Sunday, March 18, 2012

OIl and the Irish Hills

Thar's gold in them that hills. It's been know for several years now that the area in Jackson and Lenawee Counties called the Irish Hills has had oil. The area currently produces about 2% oil the oil used by Michigan residents and is the largest oil producing part of the state.

But of course, angst follows the wells. The people in the area, even those benefiting from oil pumps on their own property, worry about the long term affects. Chief amongst the worries are the environmental concerns which come naturally with the oil industry, as well as problems such as road damage which come with the heavier trucks needed to haul oil and oil related items in and out of the area.

There are worries about contamination of the drinking water and the odor of petroleum, fears of earthquakes which may result from the drilling. To be sure, none of the issues are invalid. They seem to get right to the heart of the trouble with our nation's need for oil: we need it, yet wherever it's found it's going be at the least inconvenient for the locale.

What can we say about that? The needs of the many outweigh the needs of the few, as a general rule. We need oil and there's some where you live. Beyond a genuine, verifiably serious risk to your homes and well being, we don't know what else to say. We need to get to the crude.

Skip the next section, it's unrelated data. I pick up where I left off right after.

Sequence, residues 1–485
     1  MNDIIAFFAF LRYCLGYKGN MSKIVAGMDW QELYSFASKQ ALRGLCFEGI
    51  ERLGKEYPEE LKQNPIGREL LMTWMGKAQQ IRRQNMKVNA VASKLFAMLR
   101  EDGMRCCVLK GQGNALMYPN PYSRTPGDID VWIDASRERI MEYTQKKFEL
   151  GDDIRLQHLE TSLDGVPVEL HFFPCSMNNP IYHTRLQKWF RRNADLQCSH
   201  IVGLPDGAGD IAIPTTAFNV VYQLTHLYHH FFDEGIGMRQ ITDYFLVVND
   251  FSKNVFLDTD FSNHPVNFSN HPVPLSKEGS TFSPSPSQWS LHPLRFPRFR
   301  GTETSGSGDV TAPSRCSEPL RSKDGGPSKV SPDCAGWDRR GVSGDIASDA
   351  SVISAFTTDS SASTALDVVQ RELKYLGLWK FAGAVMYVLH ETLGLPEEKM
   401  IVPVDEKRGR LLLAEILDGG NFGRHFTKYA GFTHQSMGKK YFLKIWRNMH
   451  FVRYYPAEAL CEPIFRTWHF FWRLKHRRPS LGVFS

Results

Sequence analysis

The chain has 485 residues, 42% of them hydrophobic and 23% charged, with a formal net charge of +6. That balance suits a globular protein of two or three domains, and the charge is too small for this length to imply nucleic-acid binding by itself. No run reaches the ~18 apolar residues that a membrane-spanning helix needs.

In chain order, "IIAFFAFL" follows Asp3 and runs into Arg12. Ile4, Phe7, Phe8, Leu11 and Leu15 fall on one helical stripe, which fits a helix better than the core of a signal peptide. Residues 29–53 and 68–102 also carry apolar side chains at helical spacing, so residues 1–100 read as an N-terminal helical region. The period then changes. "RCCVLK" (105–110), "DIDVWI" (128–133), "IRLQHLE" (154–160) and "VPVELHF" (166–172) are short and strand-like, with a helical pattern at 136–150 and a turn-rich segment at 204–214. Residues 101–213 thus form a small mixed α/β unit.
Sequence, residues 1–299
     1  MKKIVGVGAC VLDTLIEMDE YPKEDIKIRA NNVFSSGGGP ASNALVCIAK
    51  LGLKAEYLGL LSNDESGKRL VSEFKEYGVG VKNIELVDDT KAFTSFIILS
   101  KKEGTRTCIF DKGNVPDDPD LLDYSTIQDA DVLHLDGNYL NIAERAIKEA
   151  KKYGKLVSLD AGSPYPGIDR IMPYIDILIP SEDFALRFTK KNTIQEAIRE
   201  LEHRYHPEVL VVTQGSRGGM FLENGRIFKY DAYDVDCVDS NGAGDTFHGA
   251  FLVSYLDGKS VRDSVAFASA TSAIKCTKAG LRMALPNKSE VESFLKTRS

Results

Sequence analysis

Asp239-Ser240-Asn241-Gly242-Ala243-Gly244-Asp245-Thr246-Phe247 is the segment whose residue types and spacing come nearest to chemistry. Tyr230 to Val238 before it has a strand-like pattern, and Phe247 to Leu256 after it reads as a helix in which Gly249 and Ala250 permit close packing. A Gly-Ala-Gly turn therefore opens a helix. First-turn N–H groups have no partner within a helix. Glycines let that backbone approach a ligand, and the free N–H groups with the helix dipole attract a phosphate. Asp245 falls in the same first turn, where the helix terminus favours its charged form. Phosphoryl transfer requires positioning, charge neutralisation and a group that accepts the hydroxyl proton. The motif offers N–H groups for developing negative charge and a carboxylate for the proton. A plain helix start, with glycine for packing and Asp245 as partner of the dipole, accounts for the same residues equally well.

That sounds cruder than we mean it. But, sadly, sometimes things simply are what they are and no one can really do much about it. Sure, it's easy to say that those of us who don't have to deal directly with the smells and the road destruction and the worry about the future for the locals to say, go on and drill it. But, what else do you want us to do? What else can you do? It simply is what it is; might as well make the best of it.

Sometimes life is a bowl of cherries. Sometimes it's a bowl of lemons. After finding out which, you just have to do the best you can with what you've got. Our sympathies are with the folks in the Irish Hills. But our overall well being needs the oil. It's another one those trade offs life forces on us as a whole. We do what is best within reason, and be grateful that it isn't worse.

Friday, March 16, 2012

Lewis and Mitchell

It's amazing how thoughts may randomly pop into one's mind. We are further impressed when two or more of them may have a certain connection which gives us pause.